The previous government of Ehud Olmert and the current government of Binyamin Netanyahu have gone out of their way in the last year or so to praise the growing effectiveness of Palestinian Authority forces, trained under US supervision, in bringing a greater degree of calm and security to certain Palestinian areas of the West Bank.
Gradually, cautiously and warily, amid that improving climate, Israel has transferred to those PA forces greater responsibilities, while also gradually improving freedom of movement for ordinary Palestinians through the West Bank.
The hope, strongly encouraged by the international community, has been that the PA forces can become an effective player in the battle against terrorism.
Some in Israel consider this a realistic aspiration. Others strongly doubt that any Palestinian force, no matter how carefully vetted and how well trained, can ever serve as a partner for Israel in the anti-terror struggle.
The behavior of the PA over Judge Richard Goldstone's report on Operation Cast Lead, however, is leading Israeli officials, in the security forces and beyond, to question ever more deeply whether the PA itself, in its current constellation, can serve as a genuine partner in that struggle.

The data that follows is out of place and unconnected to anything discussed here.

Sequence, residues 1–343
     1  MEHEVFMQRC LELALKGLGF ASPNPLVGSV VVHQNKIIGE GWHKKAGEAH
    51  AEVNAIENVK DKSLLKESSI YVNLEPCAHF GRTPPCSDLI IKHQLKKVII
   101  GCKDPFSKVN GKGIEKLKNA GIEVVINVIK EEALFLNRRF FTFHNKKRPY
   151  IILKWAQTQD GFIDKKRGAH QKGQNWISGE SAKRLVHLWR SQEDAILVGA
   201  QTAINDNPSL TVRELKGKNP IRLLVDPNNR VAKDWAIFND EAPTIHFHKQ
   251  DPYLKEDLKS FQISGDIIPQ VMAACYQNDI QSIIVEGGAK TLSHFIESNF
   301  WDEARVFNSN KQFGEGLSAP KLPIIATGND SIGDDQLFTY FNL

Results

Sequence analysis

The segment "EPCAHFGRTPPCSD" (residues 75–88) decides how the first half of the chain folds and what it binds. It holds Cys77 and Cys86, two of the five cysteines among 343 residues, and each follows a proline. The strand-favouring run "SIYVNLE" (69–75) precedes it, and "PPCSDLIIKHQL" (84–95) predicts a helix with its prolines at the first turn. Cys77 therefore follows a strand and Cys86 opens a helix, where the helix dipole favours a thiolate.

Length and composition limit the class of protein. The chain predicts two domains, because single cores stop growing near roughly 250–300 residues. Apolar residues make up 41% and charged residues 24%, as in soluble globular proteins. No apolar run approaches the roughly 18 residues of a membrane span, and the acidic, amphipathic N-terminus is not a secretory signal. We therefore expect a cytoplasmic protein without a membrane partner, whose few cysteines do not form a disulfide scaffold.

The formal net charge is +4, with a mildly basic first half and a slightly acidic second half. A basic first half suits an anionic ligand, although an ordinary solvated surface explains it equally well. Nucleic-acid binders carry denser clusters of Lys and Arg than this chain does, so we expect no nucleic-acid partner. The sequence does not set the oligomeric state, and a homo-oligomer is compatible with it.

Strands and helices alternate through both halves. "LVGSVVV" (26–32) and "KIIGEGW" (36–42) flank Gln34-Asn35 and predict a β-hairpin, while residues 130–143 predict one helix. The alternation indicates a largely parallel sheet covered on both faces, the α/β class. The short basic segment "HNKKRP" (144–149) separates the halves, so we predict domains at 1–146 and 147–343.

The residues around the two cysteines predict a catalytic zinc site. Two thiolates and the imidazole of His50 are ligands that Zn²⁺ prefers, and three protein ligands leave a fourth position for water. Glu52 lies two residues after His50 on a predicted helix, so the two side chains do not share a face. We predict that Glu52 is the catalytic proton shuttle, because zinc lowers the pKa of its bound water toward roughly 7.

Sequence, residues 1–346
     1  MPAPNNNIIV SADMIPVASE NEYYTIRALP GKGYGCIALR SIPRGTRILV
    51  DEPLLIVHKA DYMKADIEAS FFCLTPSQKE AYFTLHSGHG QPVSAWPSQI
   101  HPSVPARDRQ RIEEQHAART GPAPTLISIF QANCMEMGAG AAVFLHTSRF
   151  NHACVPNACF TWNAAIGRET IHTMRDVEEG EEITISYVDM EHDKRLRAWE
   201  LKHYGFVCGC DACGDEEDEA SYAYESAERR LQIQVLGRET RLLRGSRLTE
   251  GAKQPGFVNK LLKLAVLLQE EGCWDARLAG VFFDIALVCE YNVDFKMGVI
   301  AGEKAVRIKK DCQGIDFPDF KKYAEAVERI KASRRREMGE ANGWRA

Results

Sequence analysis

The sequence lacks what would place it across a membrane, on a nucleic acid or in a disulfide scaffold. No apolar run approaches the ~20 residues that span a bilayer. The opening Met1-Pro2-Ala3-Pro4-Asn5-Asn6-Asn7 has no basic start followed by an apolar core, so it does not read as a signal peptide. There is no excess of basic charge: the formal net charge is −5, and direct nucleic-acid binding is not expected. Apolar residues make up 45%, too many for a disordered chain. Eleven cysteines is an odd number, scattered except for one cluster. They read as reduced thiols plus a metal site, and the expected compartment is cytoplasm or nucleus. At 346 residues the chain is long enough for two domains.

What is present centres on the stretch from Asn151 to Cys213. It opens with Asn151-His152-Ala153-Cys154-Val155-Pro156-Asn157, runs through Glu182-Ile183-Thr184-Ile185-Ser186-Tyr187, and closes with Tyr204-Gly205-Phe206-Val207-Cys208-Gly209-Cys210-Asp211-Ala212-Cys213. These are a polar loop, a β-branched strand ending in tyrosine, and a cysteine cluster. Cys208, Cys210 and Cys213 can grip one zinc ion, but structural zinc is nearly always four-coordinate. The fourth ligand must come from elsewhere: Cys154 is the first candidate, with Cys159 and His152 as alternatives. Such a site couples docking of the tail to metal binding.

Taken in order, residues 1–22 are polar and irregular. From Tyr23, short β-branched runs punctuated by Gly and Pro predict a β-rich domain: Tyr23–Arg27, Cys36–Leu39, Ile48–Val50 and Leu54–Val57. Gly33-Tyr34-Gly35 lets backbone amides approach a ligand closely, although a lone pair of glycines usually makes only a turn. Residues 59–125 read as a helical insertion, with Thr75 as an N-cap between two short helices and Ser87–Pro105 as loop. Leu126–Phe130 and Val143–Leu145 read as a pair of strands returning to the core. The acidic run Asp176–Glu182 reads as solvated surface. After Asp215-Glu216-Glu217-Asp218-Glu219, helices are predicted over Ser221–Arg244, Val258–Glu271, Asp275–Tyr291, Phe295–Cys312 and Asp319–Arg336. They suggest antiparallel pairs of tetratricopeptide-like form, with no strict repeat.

For it is the PA, most emphatically encompassing its President Mahmoud Abbas and its widely admired Prime Minister Salaam Fayad, that is pushing hard for Israel's Goldstone-alleged "war crimes" in Gaza to be brought within the jurisdiction of the international legal mechanisms in The Hague. It is the PA, Israel's ostensible partner on the ground, that is agitating for Israel to stand in the dock.
Writing in Yediot Aharonot on Thursday, former Mossad chief Efraim Halevy described the Goldstone panel, with good cause, as tantamount to a creation of the PA.
While Abbas was privately urging Israel to finish the job against Hamas in Gaza at the turn of the year - a Hamas that had killed and wounded hundreds of his Fatah loyalists when it seized power in the Strip in 2007 - the PA president and his officials simultaneously rushed to the UN Security Council to accuse Israel of war crimes, Halevy notes, and stirred the accommodating Israel-bashers of the UN's Human Rights Council into establishing what became the Goldstone mission.